The westward view from the gas line on top of Evitts Mountain -- May 29, 2016

Robin and I conquering Evitts Homesite Trail -- May 24, 2014

In all seriousness, two years ago,  Robin and I witnessed an incredible feat of human strength and courage.  A friend of ours, Lynn, who having just finished chemo and who just won her battle with cancer visited us while we were camping at Rocky Gap.  Lynn came with us that day (May 24, 2014) to hike Evitts Homesite Trail.  Lynn totally kicked that mountain's ass.  
Truly amazing.

Lynn Nichols -- May 24, 2014

This picture puts Lynn's accomplishment into perspective.  This is the road leading into the camp grounds at Rocky Gap.  Circled in red is the gas line cut out that is at the top of Evitt's Homesite Trail.  Amazing!  -- May 30, 2016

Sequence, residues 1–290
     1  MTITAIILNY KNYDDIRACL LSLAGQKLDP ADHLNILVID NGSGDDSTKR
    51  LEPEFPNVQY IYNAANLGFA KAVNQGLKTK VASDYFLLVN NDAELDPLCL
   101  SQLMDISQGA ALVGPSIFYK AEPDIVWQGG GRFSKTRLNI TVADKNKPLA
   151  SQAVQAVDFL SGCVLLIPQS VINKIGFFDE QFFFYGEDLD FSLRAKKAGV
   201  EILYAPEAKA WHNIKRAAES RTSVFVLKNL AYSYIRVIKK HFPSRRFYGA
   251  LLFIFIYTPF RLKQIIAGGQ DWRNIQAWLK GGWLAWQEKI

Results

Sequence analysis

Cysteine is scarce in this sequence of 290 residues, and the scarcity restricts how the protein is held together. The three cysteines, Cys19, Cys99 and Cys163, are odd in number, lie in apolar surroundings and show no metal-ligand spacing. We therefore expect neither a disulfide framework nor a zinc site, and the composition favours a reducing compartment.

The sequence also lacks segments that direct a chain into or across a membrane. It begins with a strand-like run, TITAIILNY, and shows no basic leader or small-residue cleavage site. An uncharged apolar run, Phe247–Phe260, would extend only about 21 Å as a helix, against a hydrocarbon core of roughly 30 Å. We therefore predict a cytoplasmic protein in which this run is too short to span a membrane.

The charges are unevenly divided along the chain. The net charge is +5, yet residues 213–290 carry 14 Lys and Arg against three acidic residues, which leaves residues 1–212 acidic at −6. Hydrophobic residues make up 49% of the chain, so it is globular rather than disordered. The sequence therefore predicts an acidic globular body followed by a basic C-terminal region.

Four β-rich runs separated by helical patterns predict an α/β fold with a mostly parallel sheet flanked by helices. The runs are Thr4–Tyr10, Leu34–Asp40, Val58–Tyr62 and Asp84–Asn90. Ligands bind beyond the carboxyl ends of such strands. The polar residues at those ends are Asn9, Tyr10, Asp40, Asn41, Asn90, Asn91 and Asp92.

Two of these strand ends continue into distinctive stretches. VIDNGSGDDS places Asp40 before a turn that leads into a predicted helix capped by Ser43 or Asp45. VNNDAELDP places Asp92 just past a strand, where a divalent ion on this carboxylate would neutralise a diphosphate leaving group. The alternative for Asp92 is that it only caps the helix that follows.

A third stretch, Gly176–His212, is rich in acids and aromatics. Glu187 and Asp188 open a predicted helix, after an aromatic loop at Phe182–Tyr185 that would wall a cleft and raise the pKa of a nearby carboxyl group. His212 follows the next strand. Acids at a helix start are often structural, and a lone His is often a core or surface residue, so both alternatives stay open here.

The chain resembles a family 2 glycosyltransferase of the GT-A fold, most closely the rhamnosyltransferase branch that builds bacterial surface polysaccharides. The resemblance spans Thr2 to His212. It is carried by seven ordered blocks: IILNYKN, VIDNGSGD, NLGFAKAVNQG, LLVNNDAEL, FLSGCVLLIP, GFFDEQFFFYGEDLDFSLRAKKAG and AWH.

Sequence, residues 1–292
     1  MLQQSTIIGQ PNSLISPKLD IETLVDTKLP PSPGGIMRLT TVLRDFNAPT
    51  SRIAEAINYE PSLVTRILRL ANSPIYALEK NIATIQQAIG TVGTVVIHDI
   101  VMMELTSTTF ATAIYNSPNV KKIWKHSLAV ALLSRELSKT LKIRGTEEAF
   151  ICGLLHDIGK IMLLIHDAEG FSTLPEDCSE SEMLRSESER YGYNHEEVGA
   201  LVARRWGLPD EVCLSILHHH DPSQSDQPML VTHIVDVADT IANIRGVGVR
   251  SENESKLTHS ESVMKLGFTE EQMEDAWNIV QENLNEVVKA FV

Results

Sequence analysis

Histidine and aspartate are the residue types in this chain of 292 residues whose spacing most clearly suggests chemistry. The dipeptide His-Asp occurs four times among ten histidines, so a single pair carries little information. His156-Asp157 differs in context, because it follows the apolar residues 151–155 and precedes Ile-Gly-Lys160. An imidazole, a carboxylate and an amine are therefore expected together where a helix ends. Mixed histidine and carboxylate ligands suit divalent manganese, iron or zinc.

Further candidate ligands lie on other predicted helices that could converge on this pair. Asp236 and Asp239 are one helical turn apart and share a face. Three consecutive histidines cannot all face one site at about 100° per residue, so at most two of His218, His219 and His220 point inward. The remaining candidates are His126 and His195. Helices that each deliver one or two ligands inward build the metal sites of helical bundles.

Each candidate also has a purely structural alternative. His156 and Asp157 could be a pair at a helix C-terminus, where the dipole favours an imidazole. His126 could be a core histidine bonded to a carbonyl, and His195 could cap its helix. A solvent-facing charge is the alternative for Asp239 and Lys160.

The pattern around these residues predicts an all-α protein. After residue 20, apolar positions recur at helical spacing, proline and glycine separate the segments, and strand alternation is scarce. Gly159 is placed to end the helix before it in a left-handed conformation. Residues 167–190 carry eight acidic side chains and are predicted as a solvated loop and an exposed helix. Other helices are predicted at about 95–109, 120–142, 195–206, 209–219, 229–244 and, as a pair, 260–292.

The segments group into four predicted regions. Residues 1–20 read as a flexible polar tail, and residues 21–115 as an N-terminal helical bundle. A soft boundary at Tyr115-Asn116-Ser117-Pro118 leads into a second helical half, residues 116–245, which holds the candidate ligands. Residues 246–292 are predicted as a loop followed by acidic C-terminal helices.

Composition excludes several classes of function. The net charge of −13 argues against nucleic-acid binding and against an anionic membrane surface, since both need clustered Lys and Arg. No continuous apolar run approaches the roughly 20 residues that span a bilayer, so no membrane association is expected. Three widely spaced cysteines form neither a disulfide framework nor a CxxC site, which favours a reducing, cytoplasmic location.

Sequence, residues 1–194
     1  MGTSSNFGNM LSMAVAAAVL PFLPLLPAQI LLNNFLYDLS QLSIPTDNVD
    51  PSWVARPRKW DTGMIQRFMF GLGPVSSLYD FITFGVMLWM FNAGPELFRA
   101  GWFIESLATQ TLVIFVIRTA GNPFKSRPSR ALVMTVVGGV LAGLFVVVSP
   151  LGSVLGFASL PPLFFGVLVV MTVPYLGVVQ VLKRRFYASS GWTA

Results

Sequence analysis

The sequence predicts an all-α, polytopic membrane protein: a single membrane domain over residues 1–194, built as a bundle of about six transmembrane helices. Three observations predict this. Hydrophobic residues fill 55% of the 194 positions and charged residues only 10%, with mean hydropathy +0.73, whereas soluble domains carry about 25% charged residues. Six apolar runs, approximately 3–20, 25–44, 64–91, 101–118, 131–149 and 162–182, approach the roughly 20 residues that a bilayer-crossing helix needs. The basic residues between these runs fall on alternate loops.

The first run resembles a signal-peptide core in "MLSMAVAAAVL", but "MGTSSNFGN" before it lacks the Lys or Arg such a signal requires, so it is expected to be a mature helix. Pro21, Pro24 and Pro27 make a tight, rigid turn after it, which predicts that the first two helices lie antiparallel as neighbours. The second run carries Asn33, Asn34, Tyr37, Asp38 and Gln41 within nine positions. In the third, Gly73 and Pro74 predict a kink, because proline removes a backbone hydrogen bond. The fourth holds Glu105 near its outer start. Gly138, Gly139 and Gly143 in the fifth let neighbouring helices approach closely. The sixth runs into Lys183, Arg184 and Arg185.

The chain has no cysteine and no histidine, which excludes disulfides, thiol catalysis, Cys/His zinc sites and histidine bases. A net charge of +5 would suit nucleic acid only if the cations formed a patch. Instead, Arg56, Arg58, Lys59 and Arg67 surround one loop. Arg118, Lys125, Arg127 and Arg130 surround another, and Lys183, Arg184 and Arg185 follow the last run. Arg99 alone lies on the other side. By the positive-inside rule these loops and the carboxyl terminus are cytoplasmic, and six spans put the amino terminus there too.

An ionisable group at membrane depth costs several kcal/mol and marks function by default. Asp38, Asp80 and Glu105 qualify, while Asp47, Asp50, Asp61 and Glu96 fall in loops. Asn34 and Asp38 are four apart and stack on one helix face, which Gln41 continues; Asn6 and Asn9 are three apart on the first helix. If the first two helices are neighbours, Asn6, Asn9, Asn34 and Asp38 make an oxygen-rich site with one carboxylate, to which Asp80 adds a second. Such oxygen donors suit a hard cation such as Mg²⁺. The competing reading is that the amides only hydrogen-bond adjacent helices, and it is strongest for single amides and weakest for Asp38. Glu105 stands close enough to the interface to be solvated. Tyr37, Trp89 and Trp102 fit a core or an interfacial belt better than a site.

Lynn isn't the only person to visit us at Rocky Gap.  It's also been a tradition the past few years for my dad and Mary Jane to come for dinner around the campfire.  I think this is my favorite part the entire trip.  My father worked so hard for our family when I was young and somehow he found the time and energy to create great memories for my brother and I.  A lot of those memories were forged  here at this campground.  I'm so happy that, even though my mother is no longer with us, he and Mary Jane can come and share in the joy of this special place with us.  The only difference is now I am the one building the fire and making dinner.  Dad gets to sit and watch.   Thank you, get a well deserved rest.

Mary Jane, Dave, Robin, & David Raymond -- May 29, 2016

This year my step daughter, Mia (and her dog, Vader) came for dinner too!  -- May 29, 2016

Robin and Mary Jane Raymond -- May 29, 2016

Thank you for the memories dad, I love you!  David and Dave Raymond -- May 29, 2016

Life is a journey, not a destination.

David A. Raymond  -- May 30, 2016
Be sure to check out HIGHPEAKSHIKING.COM

Robin and David Raymond -- May 26, 2013